Such clauses mandate the vendor use standards or commercially reasonable efforts to assist the customer in migrating to another vendor. They're becoming more and more important as cloud services make their way into the EHR marketplace, because cloud storage can add a layer of complication to vendor-provider relationships. While disentanglement clauses are relatively easy to negotiate into a contract, McKenzie said, providers who don't hire legal help versed in software contracts don't always know to get them written into their agreements.

This situation is evolving, however. Through meaningful use rules, the Office of the National Coordinator for Health IT (ONC) is reinforcing tenets laid out in federal and state laws underscoring the notion that patients -- not vendors or health care provider -- owner their health data.

"[ONC] is reiterating what the law in virtually every state of the country says," McKenzie said. Not only do software vendors have to follow state and federal laws relating to health data ownership, she added, but many consumer-protection laws overlap, too.

Worries about potential disentanglement issues, not to mention cloud security and cloud uptime, McKenzie said, should not stop providers from taking a hard look at cloud service providers. These vendors are better at creating secure, climate controlled, disaster-recovery-ready data center environments than whoever's responsible for IT at many physician offices she's seen. Physicians should measure the risks of both physical hosting of EHR systems and the cloud alternatives, she concluded, in making their vendor selection.

Most contracts with cloud EHR software vendors, Delano added, have a service-level agreement (SLA) attached to them. These define how the vendor will make data available and accessible, what happens when the server goes down, and other stipulations explaining the services that will be provided -- and what happens if they're not provided.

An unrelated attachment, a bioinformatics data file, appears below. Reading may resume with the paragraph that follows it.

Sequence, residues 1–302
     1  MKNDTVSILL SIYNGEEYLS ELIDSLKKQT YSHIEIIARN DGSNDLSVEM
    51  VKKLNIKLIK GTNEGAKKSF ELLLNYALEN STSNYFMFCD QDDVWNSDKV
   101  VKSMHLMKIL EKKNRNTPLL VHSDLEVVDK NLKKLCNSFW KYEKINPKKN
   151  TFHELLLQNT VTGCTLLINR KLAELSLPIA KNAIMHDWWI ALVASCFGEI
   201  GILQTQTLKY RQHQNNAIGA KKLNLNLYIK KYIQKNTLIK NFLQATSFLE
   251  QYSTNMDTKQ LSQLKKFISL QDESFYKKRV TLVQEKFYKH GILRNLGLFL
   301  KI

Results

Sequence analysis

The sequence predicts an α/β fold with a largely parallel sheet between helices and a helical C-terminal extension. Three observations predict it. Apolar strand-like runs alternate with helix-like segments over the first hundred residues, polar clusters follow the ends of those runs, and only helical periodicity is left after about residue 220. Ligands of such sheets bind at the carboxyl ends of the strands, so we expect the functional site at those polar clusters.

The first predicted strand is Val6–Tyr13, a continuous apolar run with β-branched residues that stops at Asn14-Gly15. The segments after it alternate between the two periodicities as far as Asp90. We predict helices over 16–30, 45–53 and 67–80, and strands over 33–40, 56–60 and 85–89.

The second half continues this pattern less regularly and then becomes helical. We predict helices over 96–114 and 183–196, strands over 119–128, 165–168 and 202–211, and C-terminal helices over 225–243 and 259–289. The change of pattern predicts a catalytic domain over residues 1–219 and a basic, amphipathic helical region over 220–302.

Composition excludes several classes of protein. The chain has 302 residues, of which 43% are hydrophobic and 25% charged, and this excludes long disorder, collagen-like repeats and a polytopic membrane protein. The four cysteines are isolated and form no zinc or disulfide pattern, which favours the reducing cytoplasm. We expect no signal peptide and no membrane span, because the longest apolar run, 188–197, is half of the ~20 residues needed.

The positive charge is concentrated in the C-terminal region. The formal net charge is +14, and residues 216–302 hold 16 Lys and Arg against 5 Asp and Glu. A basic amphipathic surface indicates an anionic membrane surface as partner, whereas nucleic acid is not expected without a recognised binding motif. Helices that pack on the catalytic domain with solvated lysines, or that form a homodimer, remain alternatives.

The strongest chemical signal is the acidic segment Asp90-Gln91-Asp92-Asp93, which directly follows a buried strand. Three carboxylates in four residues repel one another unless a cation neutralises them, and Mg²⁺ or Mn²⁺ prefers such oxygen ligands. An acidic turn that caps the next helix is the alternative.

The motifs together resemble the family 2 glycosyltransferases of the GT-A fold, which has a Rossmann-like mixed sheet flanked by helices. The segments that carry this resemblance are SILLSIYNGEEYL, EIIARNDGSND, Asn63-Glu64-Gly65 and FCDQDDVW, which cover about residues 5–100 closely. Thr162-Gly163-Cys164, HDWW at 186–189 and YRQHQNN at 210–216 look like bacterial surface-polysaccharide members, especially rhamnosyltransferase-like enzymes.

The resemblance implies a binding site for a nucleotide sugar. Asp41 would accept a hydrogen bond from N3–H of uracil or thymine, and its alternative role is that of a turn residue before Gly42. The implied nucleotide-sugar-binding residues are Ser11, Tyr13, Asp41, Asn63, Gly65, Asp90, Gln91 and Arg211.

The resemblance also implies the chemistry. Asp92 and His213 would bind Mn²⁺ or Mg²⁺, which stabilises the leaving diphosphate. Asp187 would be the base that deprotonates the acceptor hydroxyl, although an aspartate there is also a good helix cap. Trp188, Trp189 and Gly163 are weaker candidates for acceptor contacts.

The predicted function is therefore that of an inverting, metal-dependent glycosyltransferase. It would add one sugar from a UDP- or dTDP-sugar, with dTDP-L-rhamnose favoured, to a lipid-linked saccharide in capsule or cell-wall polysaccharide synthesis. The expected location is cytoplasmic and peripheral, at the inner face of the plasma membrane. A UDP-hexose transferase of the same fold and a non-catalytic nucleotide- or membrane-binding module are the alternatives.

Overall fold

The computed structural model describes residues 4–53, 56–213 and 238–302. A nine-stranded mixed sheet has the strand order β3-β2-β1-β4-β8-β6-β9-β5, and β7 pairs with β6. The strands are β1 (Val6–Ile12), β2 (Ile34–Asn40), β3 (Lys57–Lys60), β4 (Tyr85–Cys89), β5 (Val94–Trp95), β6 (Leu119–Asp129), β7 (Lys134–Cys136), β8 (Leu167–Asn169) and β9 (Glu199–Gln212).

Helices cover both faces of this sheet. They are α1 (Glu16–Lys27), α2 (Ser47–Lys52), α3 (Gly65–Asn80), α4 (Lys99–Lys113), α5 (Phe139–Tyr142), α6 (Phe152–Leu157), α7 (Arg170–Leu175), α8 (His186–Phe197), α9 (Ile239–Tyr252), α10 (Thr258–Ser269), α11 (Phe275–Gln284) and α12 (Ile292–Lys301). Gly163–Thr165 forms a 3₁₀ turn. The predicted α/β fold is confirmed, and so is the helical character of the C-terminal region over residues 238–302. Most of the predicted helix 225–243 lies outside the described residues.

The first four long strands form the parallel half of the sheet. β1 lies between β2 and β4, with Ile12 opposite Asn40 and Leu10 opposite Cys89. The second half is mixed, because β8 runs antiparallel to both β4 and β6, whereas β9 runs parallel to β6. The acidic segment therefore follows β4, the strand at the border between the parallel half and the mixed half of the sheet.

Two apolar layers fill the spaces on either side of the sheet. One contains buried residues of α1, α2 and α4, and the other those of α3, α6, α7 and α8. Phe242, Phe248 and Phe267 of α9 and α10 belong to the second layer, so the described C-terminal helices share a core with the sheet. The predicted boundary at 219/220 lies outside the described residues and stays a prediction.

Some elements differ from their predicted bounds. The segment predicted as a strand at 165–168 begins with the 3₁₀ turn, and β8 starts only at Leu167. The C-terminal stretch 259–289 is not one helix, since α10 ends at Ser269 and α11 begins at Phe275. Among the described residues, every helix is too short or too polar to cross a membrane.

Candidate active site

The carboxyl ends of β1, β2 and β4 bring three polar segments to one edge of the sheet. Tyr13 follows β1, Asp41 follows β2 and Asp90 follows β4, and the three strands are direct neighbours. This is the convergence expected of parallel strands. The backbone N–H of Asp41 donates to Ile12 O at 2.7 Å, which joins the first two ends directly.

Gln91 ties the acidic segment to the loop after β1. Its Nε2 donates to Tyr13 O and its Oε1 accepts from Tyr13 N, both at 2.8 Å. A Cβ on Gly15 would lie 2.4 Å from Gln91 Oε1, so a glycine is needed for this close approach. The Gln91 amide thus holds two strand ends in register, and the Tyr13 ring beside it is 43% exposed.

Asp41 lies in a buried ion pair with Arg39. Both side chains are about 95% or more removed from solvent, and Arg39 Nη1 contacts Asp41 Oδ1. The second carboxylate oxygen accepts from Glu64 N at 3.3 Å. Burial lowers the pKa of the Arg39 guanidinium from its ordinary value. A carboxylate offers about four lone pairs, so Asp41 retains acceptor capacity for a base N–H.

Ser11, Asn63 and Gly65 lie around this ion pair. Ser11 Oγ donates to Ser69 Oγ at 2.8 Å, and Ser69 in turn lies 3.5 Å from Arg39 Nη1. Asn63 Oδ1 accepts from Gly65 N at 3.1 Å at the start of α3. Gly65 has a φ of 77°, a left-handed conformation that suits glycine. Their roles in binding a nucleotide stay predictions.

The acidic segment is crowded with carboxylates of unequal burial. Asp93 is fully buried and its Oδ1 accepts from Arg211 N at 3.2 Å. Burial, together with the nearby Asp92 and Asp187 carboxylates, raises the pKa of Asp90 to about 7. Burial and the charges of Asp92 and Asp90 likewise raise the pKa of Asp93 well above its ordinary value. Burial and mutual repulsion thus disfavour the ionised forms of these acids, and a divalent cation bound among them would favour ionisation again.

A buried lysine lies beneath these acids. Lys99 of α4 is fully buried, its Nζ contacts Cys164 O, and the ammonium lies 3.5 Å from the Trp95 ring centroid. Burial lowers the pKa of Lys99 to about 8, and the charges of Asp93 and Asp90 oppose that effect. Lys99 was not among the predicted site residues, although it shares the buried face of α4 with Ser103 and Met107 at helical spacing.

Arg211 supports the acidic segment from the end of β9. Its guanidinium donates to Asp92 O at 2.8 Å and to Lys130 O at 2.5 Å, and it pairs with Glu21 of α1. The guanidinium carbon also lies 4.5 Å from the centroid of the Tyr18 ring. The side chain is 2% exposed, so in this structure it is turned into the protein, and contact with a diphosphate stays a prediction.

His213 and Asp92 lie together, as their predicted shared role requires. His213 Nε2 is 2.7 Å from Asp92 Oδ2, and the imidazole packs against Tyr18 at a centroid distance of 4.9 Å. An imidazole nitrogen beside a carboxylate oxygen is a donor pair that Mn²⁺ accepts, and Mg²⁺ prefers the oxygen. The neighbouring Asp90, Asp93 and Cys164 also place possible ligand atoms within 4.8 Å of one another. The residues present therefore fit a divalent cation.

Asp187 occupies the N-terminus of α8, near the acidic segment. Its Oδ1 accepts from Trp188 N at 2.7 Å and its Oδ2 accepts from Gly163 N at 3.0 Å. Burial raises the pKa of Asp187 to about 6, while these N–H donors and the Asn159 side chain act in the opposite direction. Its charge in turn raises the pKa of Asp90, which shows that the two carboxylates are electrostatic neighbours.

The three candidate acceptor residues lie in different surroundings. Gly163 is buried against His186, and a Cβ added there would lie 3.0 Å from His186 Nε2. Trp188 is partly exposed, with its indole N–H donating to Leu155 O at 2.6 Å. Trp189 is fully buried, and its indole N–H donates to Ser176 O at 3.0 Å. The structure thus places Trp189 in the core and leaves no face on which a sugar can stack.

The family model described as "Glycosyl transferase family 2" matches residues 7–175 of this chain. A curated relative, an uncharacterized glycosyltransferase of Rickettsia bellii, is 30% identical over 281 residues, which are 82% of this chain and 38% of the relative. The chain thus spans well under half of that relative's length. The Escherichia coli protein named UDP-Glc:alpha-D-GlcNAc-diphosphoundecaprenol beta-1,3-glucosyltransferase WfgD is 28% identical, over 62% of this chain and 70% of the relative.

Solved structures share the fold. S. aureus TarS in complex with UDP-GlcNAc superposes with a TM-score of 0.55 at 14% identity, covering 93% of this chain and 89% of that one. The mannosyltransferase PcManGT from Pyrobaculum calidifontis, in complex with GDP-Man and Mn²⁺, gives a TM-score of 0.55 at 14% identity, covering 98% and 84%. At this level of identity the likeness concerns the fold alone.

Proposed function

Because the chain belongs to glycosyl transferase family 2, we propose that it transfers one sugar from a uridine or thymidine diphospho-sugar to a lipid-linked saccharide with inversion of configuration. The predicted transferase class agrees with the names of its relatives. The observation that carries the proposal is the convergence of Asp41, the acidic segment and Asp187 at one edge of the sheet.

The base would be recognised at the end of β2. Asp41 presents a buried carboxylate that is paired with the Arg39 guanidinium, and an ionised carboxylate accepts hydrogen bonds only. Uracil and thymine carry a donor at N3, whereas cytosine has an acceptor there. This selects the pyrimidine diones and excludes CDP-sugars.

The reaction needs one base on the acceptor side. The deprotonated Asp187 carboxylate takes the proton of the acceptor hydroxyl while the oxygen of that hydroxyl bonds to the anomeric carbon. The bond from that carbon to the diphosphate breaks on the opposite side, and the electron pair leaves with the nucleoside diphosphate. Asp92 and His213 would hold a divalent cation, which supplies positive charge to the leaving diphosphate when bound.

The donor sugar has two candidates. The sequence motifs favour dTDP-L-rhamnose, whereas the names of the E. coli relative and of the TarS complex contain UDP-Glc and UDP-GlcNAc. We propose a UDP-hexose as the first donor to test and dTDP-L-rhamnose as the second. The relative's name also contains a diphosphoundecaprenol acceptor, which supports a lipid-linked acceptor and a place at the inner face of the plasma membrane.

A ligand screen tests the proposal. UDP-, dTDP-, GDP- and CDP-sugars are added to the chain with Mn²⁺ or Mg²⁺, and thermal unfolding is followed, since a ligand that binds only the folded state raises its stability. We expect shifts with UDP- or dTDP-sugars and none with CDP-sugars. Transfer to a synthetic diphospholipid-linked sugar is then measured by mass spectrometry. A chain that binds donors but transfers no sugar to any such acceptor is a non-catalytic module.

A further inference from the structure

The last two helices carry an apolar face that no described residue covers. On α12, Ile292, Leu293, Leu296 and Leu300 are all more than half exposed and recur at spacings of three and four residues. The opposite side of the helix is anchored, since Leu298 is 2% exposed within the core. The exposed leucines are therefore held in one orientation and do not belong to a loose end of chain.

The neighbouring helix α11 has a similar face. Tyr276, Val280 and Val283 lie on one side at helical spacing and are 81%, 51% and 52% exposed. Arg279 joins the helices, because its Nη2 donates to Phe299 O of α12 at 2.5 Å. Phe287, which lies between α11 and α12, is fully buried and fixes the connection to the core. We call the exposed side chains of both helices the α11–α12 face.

Don't just accept the boilerplate during vendor contract negotiations

Delano points out that one potential sticky issue for people uninitiated with the software contract process is the seats-vs.-concurrent-users license model. While buying 100 seats might seem like the way to go, it involves licensing particular people, and wanting new employees to have access involves getting new licenses. Often, the license that allows for a set number of users at a given time works better in the hospital environment.

Boilerplate payment terms are another part of contracts with EHR software vendors that the present buyer's market allow for customers to negotiate, said Andrew Principe, former associate director of clinical computing at the Joslin Clinic in Boston and present vice president of health care solutions for Arcadia Solutions LLC. While the total price might not change, he said, it's sometimes possible to pay for a system over a longer period or to base payment terms on mileposts such as meaningful use attestation.